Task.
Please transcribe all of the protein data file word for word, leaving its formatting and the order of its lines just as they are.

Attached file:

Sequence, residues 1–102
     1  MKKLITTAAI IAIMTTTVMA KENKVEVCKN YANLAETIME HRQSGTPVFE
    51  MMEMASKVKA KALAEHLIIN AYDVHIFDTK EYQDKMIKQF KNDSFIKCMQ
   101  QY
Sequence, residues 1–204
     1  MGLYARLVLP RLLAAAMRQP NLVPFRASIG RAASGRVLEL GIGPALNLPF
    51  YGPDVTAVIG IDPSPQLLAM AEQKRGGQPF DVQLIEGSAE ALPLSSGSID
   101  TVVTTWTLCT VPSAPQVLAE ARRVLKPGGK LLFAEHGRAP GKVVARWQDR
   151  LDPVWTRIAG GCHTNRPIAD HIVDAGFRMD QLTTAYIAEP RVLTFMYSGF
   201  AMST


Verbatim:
Sequence, residues 1–102
     1  MKKLITTAAI IAIMTTTVMA KENKVEVCKN YANLAETIME HRQSGTPVFE
    51  MMEMASKVKA KALAEHLIIN AYDVHIFDTK EYQDKMIKQF KNDSFIKCMQ
   101  QY
Sequence, residues 1–204
     1  MGLYARLVLP RLLAAAMRQP NLVPFRASIG RAASGRVLEL GIGPALNLPF
    51  YGPDVTAVIG IDPSPQLLAM AEQKRGGQPF DVQLIEGSAE ALPLSSGSID
   101  TVVTTWTLCT VPSAPQVLAE ARRVLKPGGK LLFAEHGRAP GKVVARWQDR
   151  LDPVWTRIAG GCHTNRPIAD HIVDAGFRMD QLTTAYIAEP RVLTFMYSGF
   201  AMST